Make sure that you can be seen & heard:

  • Make sure the hearing aid is on (if applicable)
  • Stand in front of the person where they can see you
  • Face the person directly so they can see your facial expression and mouth
  • Place yourself at eye level when talking or listening
  • Identify yourself by name
  • Use the person’s name
  • Try to keep calm & relaxed

Make the communication simpler & easier to understand:

  • Use gestures, pictures and/or signs to explain or express things
  • Avoid talking over/across/about the person with dementia or delirium
  • Speak gently & clearly at an even pace – avoid shouting
  • Ask one question at a time
  • Use names of people and places instead of pronouns: e.g; Jack, our neighbour,    or Major, our dog.
  • Use a statements rather than a question
  • Wait for a response before continuing
  • Explain what you are going to do & what you are doing
  • Repeat or rephrase your message if there is no response
  • Talk normally: they will understand how you are feeling, even if they are not aware of what you say.
  • Use hand gestures & facial expressions such as smiles to reinforce your words
  • Allow for the time a damaged brain takes to process messages
  • Show your concern with reassurance & acceptance
  • Give praise when it’s appropriate
  • Respond to the feelings expressed by the person
  • When talking in a group, place the person so that the conversation is around them and they won’t feel ‘left out’
  • Make it easy to join in conversation by asking questions that only need a ‘yes’ or ‘no’ answer
  • Arguments over mistaken ideas should be avoided: e.g.; If the person insists they have seen a TV program a million times before even though it is a first run say: “Oh well, I don’t think I’ve seen it before. It’s interesting isn’t it?”
  • Touching enhances feeling of security: especially if the person is upset.

Section 5 – Top Ten Tips for dealing with people who are confused

  1. STOP!!
    Think about what you are about to do and consider the best way to do it. PLAN AND EXPLAIN – Who you are; What you want to do; Why you want to do it etc
  2. SMILE!!
    The person who takes their cue from you will mirror your relaxed and positive body language and tone of voice.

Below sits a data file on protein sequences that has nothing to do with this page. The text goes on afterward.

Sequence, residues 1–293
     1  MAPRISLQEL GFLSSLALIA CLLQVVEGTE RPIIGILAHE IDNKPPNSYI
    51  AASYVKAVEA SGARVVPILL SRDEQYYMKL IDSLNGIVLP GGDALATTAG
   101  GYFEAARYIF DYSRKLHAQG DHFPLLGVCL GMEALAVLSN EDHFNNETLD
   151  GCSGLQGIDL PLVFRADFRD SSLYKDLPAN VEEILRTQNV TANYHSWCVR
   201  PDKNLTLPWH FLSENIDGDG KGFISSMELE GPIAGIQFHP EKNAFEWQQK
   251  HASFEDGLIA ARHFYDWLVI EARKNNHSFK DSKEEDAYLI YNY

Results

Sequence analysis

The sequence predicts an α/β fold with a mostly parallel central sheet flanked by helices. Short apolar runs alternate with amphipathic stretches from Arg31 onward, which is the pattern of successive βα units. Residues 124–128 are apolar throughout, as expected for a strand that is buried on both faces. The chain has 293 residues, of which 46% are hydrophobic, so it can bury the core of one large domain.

3. GO SLOW!!
    You have a lot to do and you are in a hurry but the person isn’t. How would you feel if someone came into your bedroom, pulled back your blankets and started pulling you out of bed without even giving you time to wake up properly.
  4. GO AWAY!!
    If the person is resistive or aggressivebut is NOT causing harm to themselves or others, leave them alone. Give them time to settle down and approach later.
  5. GIVE THEM SPACE!!
    Any activity that involves invasion of personal space INCREASES THE RISK OF ASSAULT AND/OR AGGRESSION. Every time you provide care for a person you are invading their space.
  6. STAND ASIDE!!
    Always provide care from the side not the front of the person, where you may be a target to hit, kick etc
  7. DISTRACT THEM!!
    Talk to the person about things they enjoyed in the past and let them hold a towel etc whilst you are providing care.
  8. KEEP IT QUIET!!
    Check noise level and reduce it when and where possible. Turn off the radio and TV etc.
  9. DON’T ARGUE!!
    They are RIGHT and you are WRONG! The brain tells the person they can’t be wrong.
  10. KNOW THE PERSON!!
    Orientate to their surroundings as necessary. If they become upset by this reality validate their feelings instead continuing to cause upset by this truth.

Adapted from the Regional Dementia Management Strategy (Australia 2001)

Section 6 – DOs & DONTs of Communication

DO

DON’T

Talk to the person in a tone of voice that conveys respect and dignity.

Talk to the person in ‘baby talk’ or as if you are talking to a child.

Keep your explanations short. Use clear and flexible language.

Use complicated words or phrases and long sentences.

Maintain eye contact by positioning yourself at the person’s eye level.

Glare at, or “eyeball” the person you are talking too.

Look directly at the person and ensure that you have their attention before you speak. Always begin by identifying yourself and explain what it is you propose to do.

Begin a task without explaining who you are or what you are about to do. Talk to the person without eye contact, such as while rummaging in a drawer to select clothing.

Use visual cues whenever possible.

Try and compete with a distracting environment.

Be realistic in expectations.

Provoke a catastrophic reaction through unrealistic expectations or by asking the person to do more than one task at a time.

Observe and attempt to interpret the person’s non-verbal communication.

Disregard your own non verbal communication.

Paraphrase and use a calm and reassuring tone of voice.

Disregard talk that may seem to be “rambling”.

Speak slowly and say individual words clearly. Use strategies to reduce the effects of hearing impairment.

Do not shout or talk too fast.

Encourage talk about things that they are familiar with.

Interrupt unless it cannot be helped.

Use touch if appropriate.

Attempt to touch or invade their personal space if they are showing signs of fear or aggression.

Adapted from the Regional Dementia Management Strategy (Australia 2001)

Section 7

Content to this Section will be added soon

Section 8

By now you should have a very clear idea of what went wrong with Ted and how this could have been avoided.

Write a reflection on this for your portfolio.